BUCHAREST, Romania (AP) — Maksim Goldenshteyn recounts a story his late grandmother once told him about how, as a 4-year-old child, she snuck out of a Jewish ghetto during World War II to retrieve her favorite dolls that had been left behind the day her family was forcibly evicted from their home in occupied Soviet Ukraine.
“She knew even at that age that because she had lighter hair and blue eyes, she could pass for a local Ukrainian girl,” said Goldenshteyn. “She put on a kerchief and slipped out of the ghetto.”
It is one of the stories that Seattle native Goldenshteyn tells in his book, “ So They Remember,” which recounts — with a blend of intimate family memoir and vigorous historical research — the Holocaust in Transnistria, a territory in occupied southern Ukraine that was controlled by Romania, a close ally to Nazi Germany for most of the war.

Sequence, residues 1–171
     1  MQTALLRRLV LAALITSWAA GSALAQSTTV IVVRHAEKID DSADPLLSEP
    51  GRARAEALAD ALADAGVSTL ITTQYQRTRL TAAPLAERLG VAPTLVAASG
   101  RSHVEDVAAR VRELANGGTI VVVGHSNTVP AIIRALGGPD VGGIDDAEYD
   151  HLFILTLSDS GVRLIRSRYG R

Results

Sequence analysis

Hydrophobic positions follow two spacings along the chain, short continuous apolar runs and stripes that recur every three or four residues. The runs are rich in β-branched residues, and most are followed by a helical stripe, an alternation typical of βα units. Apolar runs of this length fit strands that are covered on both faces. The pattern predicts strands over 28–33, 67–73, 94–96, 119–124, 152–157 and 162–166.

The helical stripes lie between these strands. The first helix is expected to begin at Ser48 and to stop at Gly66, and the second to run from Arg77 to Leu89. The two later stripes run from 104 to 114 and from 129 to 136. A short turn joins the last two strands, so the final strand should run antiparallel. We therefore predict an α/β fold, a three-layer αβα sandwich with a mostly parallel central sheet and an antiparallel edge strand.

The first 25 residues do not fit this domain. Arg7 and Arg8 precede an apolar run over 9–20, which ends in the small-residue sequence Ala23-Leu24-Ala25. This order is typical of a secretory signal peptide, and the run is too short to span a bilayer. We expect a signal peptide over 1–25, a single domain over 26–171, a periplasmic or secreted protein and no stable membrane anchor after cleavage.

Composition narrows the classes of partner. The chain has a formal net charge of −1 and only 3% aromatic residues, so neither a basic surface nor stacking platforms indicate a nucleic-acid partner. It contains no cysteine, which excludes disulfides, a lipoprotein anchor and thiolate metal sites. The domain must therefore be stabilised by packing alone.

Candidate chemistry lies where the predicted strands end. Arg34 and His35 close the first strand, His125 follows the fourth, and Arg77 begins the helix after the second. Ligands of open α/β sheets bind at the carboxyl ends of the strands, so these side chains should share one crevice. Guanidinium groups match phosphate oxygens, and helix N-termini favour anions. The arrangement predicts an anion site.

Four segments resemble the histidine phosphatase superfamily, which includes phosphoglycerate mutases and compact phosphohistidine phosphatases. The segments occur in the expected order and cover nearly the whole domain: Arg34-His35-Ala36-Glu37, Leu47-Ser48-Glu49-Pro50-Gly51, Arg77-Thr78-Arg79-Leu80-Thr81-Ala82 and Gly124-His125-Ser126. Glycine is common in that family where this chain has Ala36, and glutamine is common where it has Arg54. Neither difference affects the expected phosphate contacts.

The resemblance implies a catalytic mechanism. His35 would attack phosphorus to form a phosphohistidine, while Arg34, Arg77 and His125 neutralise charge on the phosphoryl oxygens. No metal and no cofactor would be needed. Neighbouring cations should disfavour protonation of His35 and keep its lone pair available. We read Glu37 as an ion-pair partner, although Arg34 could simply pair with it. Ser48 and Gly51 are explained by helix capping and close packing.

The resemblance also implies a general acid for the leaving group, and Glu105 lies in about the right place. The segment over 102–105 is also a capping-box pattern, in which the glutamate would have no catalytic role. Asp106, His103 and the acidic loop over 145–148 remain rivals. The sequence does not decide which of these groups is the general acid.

In that territory, where around 150 camps and ghettos operated, there played out a lesser-known but equally sinister chapter of the Holocaust, where hundreds of thousands of Jews were brutalized, exploited, and murdered.
Many died of starvation; some succumbed to disease or exposure; some were executed.
Goldenshteyn, 33, whose family moved to the U.S. as refugees from the former Soviet Union in 1992, says he heard fragments of his family’s past while growing up, but he never linked it to one of humanity’s darkest chapters.
“They didn’t really align with the image of the Holocaust that I thought was representative,” he said. Then, 10 years ago, his mother told him the story. “I was shocked at first,” he said.